Mallinckrodt Pharmaceuticals (NYSE:MNK) shares have come under fire recently because of payer pushback on high-priced specialty medicine, but it hopes that paying down its debt and boosting its share buybacks will resurrect investor enthusiasm.
Rallying against sky-high prices
Revelations that companies have been acquiring other drugmakers in order to get their hands on previously approved drugs so that they can jack up the price have led to an industrywide sell-off in specialty drugmakers, including Mallinckrodt.
The payer pushback hit a high when hedge-fund pharma boy Martin Shkreli's Turing Pharmaceuticals aquired a 60-year old treatment for parasitic infection earlier this year in order to hike the price by 5,000%.
The news of Turing Pharmaceuticals' action caused a media firestorm, prompting presidential hopeful HIllary Clinton to outline measures aimed at reining in specialty drug prices -- and that put Mallinkcrodt, the maker of Acthar Gel, in the cross-hairs.
Rare condition = sky-high price
Mallinckrodt, which came public via a spin-off by Covidien in 2013, spent $5.6 billion to buy Acthar Gel's manufacturer, Questcor, in 2014.
Questcor acquired Acthar Gel from the toss-away pile at Aventis in 2001, paying just $100,000 to buy rights to the treatment for a rare condition known as infantile spasms.
The drug, which was originally created in the 1950s from pig pituary glands, helps boost the body's production of corticosteroids. When Questor bought it, sales totaled only a few million dollars per year.
Over the years, however, Questcor began to successfully market Acthar Gel as a treatment for multiple sclerosis, kidney disease, and rheumatism. Thanks to significant price increases along the way, Acthar Gel has become a top-selling medicine that brings in hundreds of millions of dollars per year, including $268.7 million in sales in the quarter ending June.
The price per vial for Acthar Gel has climbed from $1,500 to around $34,000 today, according to GoodRx.
That dramatic increase in price far outstrips inflation over the same period and that could put Mallinckrodt in the hot seat given that congressional investigators are already requesting information from other specialty drug makers, including Valeant Pharmaceuticals (NYSE:BHC), on their pricing strategies.
In April, an article in the Wall Street Journal reported that after buying the drugs Nitropress and Isuprel in February, Valeant Pharmaceuticals boosted their prices by 525% and 212%, respectively, and more recently the company has come under fire for using specialty pharmacies in which it has a financial interest to fill patient scripts, a move that could have unfairly helped Valeant Pharmaceuticals boost its prescription volume.
Mallinckrodt may not be under the congressional microscope (yet), but it is dealing with an investigation relating to Questcor's acquisition of a potential Acthar Gel rival.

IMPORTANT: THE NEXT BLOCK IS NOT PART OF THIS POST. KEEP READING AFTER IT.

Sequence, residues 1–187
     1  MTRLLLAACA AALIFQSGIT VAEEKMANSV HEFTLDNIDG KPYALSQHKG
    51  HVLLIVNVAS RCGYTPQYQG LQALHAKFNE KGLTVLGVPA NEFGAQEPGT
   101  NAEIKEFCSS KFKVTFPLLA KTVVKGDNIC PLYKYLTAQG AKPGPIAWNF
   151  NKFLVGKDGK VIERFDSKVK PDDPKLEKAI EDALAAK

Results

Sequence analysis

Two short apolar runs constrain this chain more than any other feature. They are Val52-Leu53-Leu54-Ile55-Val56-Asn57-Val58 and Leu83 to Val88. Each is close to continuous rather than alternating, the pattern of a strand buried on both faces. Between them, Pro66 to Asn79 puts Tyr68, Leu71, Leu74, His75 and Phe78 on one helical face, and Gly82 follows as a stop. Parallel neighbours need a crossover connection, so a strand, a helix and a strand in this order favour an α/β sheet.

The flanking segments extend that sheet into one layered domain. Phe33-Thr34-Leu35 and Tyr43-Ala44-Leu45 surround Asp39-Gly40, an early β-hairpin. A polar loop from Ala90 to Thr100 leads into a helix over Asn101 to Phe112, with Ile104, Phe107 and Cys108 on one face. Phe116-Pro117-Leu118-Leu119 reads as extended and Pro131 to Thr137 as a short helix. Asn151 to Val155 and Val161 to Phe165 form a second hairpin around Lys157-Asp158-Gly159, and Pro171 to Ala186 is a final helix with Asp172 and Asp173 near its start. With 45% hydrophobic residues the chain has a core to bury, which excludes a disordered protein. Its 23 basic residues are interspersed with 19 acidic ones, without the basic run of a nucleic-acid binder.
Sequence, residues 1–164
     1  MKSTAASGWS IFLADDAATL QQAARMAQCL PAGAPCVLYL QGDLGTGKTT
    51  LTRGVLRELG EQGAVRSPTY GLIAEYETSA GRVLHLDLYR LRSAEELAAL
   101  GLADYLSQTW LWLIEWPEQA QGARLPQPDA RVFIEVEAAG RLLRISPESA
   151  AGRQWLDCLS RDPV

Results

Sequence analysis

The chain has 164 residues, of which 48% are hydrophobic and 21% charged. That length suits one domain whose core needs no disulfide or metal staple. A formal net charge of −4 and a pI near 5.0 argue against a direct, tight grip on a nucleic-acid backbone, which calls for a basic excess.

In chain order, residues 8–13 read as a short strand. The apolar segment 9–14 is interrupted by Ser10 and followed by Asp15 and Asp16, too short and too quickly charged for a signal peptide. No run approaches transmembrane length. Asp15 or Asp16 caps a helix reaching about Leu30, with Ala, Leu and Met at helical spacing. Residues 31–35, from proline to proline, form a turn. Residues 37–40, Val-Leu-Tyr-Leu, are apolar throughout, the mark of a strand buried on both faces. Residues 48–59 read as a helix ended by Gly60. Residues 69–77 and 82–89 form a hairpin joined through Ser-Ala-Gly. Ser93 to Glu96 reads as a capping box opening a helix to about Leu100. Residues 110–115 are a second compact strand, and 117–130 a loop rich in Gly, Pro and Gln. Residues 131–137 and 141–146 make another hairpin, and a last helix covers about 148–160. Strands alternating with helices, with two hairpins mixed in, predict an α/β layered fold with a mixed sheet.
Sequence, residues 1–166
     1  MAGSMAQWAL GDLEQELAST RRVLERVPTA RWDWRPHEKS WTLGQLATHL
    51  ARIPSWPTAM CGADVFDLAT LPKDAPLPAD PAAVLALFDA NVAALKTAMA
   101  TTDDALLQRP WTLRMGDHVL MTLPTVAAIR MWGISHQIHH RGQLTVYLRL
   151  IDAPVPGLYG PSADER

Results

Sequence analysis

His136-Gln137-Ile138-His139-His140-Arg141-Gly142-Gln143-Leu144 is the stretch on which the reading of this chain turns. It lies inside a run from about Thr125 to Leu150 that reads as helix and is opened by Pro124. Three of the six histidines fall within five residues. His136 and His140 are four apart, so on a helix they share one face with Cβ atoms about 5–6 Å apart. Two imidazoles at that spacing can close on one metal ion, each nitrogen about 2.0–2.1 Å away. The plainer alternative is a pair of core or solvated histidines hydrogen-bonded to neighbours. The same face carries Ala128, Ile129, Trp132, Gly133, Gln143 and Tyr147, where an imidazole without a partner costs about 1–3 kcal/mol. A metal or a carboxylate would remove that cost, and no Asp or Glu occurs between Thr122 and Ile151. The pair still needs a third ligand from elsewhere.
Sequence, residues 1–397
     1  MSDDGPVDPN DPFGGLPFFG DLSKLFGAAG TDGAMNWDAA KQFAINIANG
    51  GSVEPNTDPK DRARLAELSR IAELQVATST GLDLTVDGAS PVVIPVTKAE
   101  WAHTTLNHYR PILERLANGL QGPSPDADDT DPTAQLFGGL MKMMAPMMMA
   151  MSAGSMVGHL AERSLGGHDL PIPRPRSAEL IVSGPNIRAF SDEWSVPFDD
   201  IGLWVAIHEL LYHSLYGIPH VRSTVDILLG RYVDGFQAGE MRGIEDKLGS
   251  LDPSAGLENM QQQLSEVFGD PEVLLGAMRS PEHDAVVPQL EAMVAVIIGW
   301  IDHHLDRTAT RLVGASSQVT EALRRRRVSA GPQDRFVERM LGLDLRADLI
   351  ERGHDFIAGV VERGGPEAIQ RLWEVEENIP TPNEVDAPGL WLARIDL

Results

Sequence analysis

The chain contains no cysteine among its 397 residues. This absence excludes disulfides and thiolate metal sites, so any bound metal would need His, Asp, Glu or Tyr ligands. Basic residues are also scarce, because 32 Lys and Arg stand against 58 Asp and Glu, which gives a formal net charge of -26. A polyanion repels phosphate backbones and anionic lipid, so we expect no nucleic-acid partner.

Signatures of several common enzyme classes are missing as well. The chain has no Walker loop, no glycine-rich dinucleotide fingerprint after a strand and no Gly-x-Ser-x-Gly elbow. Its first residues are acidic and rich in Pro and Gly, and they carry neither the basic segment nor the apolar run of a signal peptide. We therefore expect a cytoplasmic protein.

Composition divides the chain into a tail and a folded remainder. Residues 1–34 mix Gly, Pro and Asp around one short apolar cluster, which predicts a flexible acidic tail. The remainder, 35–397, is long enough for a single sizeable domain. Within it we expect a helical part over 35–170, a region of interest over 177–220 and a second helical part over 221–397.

In 2013, Questcor paid $135 million to Novartis to gain the rights to Synacthen Depot, a therapy that could have competed against Acthar Gel. The FTC is investigating that purchase to see if it violated antitrust laws.
Couple that investigation with the increased worry over specialty-drug pricing, and it's easy to see why Mallinckrodt's shares have tumbled by 55% since May.
In a bid to stop that slide, Mallinckrodt is initiating a set of measures that are designed to restore investor confidence. Those measures include boosting its share buyback program by $500 million, which brings the money available to repurchase shares to $700 million, and deleveraging its balance sheet by using some of its $1 billion cash flow to pay down its debt.
Mallinckrodt's commitment to debt repayment is particularly welcome given that the company's interest expense last quarter hit $72.5 million, up from $22.7 million a year ago.
There's an important need for therapies that address rare conditions, but a balance needs to be struck between addressing that need and compensating companies fairly for those efforts.
Personally, I don't think it's likely that prices will drop for Acthar Gel, but media attention may hamper further price increases and that would put more pressure on Mallinckrodt's other drugs to generate revenue and earnings growth.
Nevertheless, Mallinckrodt's commitment to reducing its share count and right-sizing its debt burden could mean that there's some value to be had by picking up shares. After all, despite the pushback on pricing, Mallinckrodt could still deliver EPS of $7.90 next year and if it does, then picking up shares when they're trading at just 7 times that amount could be a profit-friendly move.
Todd Campbell has no position in any stocks mentioned. Todd owns E.B. Capital Markets, LLC. E.B. Capital's clients may have positions in the companies mentioned. The Motley Fool owns shares of and recommends Valeant Pharmaceuticals. Try any of our Foolish newsletter services free for 30 days. We Fools may not all hold the same opinions, but we all believe that considering a diverse range of insights makes us better investors. The Motley Fool has a disclosure policy.